We all use movies as a temporary escape from our own realities. But what if a movie offered an actual escape — the chance to transform a trapped existence into an open frontier of endless possibilities? That's the premise of the offbeat melancholic study Kumiko, the Treasure Hunter, written and directed by brothers David and Nathan Zellner.
Depressed 29-year-old Kumiko (Rinko Kikuchi) lives in a cluttered and cramped Tokyo apartment, with only her rabbit Bunzo for company. She performs poorly at her job as an "office lady," and is socially awkward.
But, buried at the beach, she discovers a VHS copy of the 1996 Coen brothers film Fargo. Through repeated playbacks, Kumiko fixates on the money that Steve Buscemi's character buries in the snow. Believing that it is still there, waiting to be unearthed, she makes a treasure map (actually an exquisite piece of folk-art embroidery) and sets out for North Dakota to find it.
"I am like a Spanish conquistador," she tells a befuddled security guard at the Tokyo library. "Recently, I've learned of untold riches hidden deep in the Americas." Dressed in a bright-red, oversized hoodie, Kumiko recalls the famous fairy tale, with its own naïve traveler who finds unexpected danger.
- Kumiko (Rinko Kikuchi) is Fargo-bound.
The film's second half charts Kumiko's journey through wintry Minnesota, where she is unprepared for the harsh weather (eventually resorting to an improvised poncho made from a motel bedspread) and the open kindness of small-town Midwesterners.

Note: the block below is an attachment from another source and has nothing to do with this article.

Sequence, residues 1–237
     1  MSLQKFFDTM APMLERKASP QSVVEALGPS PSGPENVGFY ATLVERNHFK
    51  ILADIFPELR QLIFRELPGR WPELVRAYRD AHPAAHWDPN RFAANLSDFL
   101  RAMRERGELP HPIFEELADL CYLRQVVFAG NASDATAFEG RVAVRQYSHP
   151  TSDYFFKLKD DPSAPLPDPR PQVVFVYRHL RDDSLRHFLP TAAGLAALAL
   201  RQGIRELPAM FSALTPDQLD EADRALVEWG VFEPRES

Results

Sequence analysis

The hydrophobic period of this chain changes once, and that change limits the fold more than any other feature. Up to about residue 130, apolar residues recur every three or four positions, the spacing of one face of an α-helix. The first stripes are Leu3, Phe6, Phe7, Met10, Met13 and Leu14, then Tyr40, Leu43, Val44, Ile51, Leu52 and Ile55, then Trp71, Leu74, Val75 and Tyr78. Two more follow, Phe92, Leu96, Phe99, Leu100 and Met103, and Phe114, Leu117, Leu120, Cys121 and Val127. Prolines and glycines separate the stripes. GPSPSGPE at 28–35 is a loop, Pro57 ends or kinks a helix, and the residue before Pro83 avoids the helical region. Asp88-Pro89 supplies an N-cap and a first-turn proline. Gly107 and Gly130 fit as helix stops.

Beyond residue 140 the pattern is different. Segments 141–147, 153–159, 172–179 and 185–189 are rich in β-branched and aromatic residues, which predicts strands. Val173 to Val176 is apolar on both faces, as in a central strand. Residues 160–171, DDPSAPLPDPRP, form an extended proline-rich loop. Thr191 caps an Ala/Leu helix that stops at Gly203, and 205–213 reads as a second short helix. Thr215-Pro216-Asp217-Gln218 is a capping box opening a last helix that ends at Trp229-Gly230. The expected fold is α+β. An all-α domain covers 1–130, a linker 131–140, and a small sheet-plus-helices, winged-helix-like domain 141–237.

There are glimmers of fish-out-of-water humor, but the urgency of Kumiko's quixotic quest underscores the sadness and desperation fueling her delusion. Each step in the snow is step away from her miserable life in Japan, but just as likely another step closer to tragedy, however exhilarating the exploration. The endlessly open spaces of Minnesota — where the snow-covered fields blend seamlessly into the pale grey sky — offer Kumiko only the riches of freedom and possibility, but even this — like the buried cash — is an illusion.
The story draws inspiration from an urban legend that sprung up in 2001 after a young Japanese woman was mysteriously found frozen to death in rural Minnesota. But mostly this slender sad tale is fully realized by Kikuchi (Pacific Rim, Babel). It's a role with little dialogue, yet Kikuchi makes Kumiko's depression and repressed anger palpable, her quiet madness relatable and even thrilling. There is no "Fargo" — films are fake, the kindly Minnesota sheriff tells her — but Kumiko recognizes an escape, even if it's hiding in the dreamscape of a movie.